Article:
My Thoughts Exactly: 2021 Honda Odyssey

After years of praising a certain Canadian-produced minivan from a French-based automotive giant, my attention is now focused on its Alabama-built rival with a Japanese nameplate. 

In some circles, Honda is as American as you could get these days. They were the first Japanese automaker to build vehicles in this country. They doubled down on their American commitment by (a) being the first Japanese automaker to introduce a luxury car brand in this country, (b) seeing the value in developing vehicles with this market in mind, and (c) ensuring that their highest volume sellers are assembled in North America for this market. 

The story of the Honda Odyssey follows the trajectory of the brand in this country. It is developed off of a platform that forms two mid-sized SUVs, a unibody pickup truck, and this minivan – all of which are North American market exclusives. 

Still, this minivan continues to hold its own in the face of new and revised competition. I already covered the revised 2021 Chrysler Pacifica. Hopefully, I will have the new 2021 Toyota Sienna in for review later this year. 

As for the 2021 Honda Odyssey, it is a mid-cycle refresh of a highly praised minivan. The current generation model was introduced in 2018 as a much needed makeover from the previous generation. My colleagues who have worked with this vehicle praised the design and the expansion of driver assistance features on this minivan. 

After a few Pacificas and a previous generation Sienna a few years back, how do I see the revised Odyssey?

To me, it is very middle of the road, and yet very contemporary. The design dates to 2018 where Honda has put their minivan on the latest platform with the Pilot, Passport, and Ridgeline. For 2021, Honda gave the Odyssey a mid-cycle refresh with a cleaner black grille and a revised set of taillamps. The shape is also contemporary full of angles and scalloping.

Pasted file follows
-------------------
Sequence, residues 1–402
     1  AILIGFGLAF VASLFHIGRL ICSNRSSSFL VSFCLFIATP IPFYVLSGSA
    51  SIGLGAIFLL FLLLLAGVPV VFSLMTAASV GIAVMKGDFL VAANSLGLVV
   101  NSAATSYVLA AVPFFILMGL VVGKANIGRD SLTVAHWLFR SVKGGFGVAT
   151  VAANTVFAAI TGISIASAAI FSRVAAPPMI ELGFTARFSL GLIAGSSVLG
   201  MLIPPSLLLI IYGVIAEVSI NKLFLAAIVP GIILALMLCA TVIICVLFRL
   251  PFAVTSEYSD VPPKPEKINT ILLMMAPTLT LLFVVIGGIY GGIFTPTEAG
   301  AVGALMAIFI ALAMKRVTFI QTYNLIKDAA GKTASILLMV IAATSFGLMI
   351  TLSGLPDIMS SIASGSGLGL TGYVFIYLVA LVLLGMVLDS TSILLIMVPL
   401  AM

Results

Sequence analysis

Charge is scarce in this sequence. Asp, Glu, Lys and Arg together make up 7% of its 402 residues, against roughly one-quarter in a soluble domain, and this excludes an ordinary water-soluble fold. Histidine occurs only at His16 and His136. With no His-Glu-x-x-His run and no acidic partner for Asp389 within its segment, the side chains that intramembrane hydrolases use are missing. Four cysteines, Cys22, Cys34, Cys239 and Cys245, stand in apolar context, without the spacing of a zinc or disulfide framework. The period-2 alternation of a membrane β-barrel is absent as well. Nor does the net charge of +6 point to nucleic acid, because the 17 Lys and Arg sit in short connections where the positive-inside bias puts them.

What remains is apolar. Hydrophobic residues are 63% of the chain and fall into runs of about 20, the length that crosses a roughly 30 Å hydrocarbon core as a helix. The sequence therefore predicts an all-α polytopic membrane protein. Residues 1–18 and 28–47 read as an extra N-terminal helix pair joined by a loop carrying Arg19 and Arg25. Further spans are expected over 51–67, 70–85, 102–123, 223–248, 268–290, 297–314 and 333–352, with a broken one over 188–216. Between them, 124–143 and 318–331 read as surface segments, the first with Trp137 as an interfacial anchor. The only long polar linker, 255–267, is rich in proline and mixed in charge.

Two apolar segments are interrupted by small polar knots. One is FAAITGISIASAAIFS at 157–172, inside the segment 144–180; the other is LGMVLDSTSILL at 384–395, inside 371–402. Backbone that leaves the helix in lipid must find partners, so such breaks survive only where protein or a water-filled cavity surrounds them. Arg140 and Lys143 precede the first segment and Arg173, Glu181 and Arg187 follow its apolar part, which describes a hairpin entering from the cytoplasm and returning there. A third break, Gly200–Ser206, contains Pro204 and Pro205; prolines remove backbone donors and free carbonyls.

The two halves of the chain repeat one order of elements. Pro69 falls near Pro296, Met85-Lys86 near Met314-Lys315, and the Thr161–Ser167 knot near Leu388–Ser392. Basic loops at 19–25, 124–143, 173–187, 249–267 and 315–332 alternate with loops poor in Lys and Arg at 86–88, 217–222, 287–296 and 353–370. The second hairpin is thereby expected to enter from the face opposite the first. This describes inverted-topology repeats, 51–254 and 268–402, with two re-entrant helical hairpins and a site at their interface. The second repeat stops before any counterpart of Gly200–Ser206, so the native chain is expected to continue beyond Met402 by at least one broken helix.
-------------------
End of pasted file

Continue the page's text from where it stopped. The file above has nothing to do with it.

You cannot its presence, which is distinctive when the Odyssey is parked next to either a Pacifica or Sienna. I was hoping for more distinction, which the pre-refresh model actually had in its grille design. Then again, a family would spot their Odyssey rather easily because of those design distinctions. That is a plus for families these days. 

My tester is the top-of-the-line Elite model. The only thing I can see in the exterior is the set of 19-inch alloy wheels with a large dark gray insert. 

Stepping inside the Odyssey gave me the impression that, yes, I am in a Honda with all of the familiar controls and displays. The digital instrument screen covers all of the information you need, flanked by large fuel and temperature gauges on each side. The controls are easy to use and are well within reach – including those on the steering wheel and the center stack. 

One thing I get giddy about when I work with a Honda product is the fact that there is now only one infotainment screen. Remember when you had two screens? I’m glad those days are over.